Nevertheless, even if he had no other actual friends among the portraits, several of his predecessors were prepared to overlook his humble origins and his terse manners and turn a blind eye to the fact that he had served as headmaster for a meagre year, in respect of the fact that he had died more or less in the course of protecting the school. The Fat Lady's friend Violet had a worrying tendency to get tanked up and then flirt at him, and the fat knight on his fat pony was quite embarrassingly worshipful. And there was always the Baron.
There was, too, Minerva to talk to, and if it occurred to him that it was a pity she hadn't paid him more attention while he was alive, he was drearily grateful for what company and conversation he could get now - and he would have her company nearly for eternity, since she too would in her turn be translated into paint and hung on the tower wall.
And really, it wasn't bad, being a portrait, though he winced to think what it might have been like if not for Potter's unexpected generosity and understanding. But as it was, after a lifetime of frantic, scrabbling stress and overwork, it would take him a long time - several centuries, perhaps - to get tired of being able to spend as long as he wanted soaking in a hot bath, or sprawled bonelessly across the vast, rickety old bed in the back room. Even if he now needed neither sleep nor washing, in any real sense.
As the self that was now, that was reborn into the body flicked through the painted memories they stitched back on themselves by association, jumping back a month or a year to show him -
"Really, Phineas," Dilys's hard voice cut across him, ignoring his presence as effectively as she would have ignored a house-elf, "Snape may have died whilst in some sense performing his duty, but many professors of this school have done the same without expecting to be elevated for it, and he was never a true headmaster: simply Dumbledore's proxy."
"He defended the students of this school during its darkest hour - "
"But he did so on the orders of a mere portrait. A true headmaster would have expected the portrait to obey him."
Somewhere to Severus's right, somebody cleared their throat in a meaningful manner. "If I may be permitted to express an opinion, Dilys," the familiar voice said with a sort of frozen faux politeness, "by advising him I was, you may say, obeying Severus's orders, since it was his wish that I continue to do so" and, God, that was nearly almost true, and he wasn't going to argue with anything which might get Dilys and her acolytes off his back.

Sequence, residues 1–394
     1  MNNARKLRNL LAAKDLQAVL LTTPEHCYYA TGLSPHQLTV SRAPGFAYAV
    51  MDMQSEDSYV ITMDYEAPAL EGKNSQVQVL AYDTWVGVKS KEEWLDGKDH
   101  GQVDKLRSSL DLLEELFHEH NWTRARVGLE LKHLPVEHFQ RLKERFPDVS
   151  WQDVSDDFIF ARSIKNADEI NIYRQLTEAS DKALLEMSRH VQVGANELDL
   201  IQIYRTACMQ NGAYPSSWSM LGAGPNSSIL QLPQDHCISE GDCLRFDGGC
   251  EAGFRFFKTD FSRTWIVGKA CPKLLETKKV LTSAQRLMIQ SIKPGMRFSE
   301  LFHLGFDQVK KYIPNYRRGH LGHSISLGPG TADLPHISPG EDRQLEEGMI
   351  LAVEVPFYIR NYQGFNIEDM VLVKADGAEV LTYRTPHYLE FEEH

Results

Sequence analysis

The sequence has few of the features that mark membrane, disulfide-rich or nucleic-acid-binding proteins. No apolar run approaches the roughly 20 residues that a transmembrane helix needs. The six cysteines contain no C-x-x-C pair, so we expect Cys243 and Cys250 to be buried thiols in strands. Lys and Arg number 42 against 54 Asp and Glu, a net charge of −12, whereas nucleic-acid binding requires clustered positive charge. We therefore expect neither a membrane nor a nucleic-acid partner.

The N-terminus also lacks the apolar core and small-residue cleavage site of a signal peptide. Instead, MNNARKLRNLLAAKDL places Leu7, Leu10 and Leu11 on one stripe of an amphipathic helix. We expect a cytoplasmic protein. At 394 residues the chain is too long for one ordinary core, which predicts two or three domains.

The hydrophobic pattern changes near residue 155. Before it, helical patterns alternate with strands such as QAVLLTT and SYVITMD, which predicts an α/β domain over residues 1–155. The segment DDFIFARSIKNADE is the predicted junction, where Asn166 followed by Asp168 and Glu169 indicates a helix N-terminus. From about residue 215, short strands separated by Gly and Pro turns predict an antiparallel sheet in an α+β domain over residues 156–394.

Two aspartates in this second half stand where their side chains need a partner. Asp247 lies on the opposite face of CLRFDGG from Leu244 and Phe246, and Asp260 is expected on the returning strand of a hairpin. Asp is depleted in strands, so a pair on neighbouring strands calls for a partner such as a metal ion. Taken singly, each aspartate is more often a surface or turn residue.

"A true headmaster would not have needed to be instructed like an unqualified student, Dumbledore."
"But you will observe, I think, Dilys, if you examine your memory carefully, that Severus did not seek my instruction in matters relating to his administrative rôle as headmaster: only in those tactical matters in which I had been, and remained, his commanding officer."
"Then he should not have allowed his military rôle to intrude upon his position in this school."
"Unfortunately," the crisp, elderly voice said coldly, "Tom's settled interest in Hogwarts did not permit either of us the luxury of keeping our military and academic concerns separate. Whether we liked it or not, this school was both Tom's primary target and his goal, and it was he who decided that Hogwarts should be a battle-zone."
"We must not forget," Everard's voice said suddenly from higher up and much further back in time, "that Hogwarts was a castle before it was a school."
About Dumbledore, he remained conflicted, even now (except that now was then, seen from some nineteen years later). No reduction into paint and canvas could simplify the complex swarm of emotions he felt about the old man who had been by turns mentor and tormentor, jailer and protector, a commanding presence and an annoying old fool.
"It was - good of you to defend me" he said awkwardly, cornered against a wall in the romantically-painted Highland shieling where Dumbledore had caught him, somewhere down on the fifth floor; and couldn't resist the little spike of spite which added: "Unexpected, too."
"You know I have always had the highest regard for you" the painting of the old man said softly, sincerely, and Severus spun away from him and went to look out of the window at the eternally sinking Scottish sun, the painted gulls wheeling over a painted sea.
"Liar," he said, in a voice which surprised him by its level reasonableness. "When I came to you, you told me that I was - disgusting."
"I was... judging you in the light of my own behaviour, I think, which I can see now was unjust of me."